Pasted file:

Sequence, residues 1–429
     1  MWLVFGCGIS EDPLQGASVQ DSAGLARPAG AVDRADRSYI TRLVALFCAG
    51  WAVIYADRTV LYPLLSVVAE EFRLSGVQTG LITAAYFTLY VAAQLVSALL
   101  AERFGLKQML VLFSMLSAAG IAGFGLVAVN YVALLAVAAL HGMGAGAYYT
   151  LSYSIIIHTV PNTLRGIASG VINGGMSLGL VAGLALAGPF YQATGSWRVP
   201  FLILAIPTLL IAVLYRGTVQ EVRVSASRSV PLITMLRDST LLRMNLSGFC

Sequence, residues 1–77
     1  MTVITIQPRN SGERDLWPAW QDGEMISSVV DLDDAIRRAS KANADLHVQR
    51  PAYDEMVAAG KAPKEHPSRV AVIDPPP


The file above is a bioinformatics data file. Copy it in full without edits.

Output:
Sequence, residues 1–429
     1  MWLVFGCGIS EDPLQGASVQ DSAGLARPAG AVDRADRSYI TRLVALFCAG
    51  WAVIYADRTV LYPLLSVVAE EFRLSGVQTG LITAAYFTLY VAAQLVSALL
   101  AERFGLKQML VLFSMLSAAG IAGFGLVAVN YVALLAVAAL HGMGAGAYYT
   151  LSYSIIIHTV PNTLRGIASG VINGGMSLGL VAGLALAGPF YQATGSWRVP
   201  FLILAIPTLL IAVLYRGTVQ EVRVSASRSV PLITMLRDST LLRMNLSGFC

Sequence, residues 1–77
     1  MTVITIQPRN SGERDLWPAW QDGEMISSVV DLDDAIRRAS KANADLHVQR
    51  PAYDEMVAAG KAPKEHPSRV AVIDPPP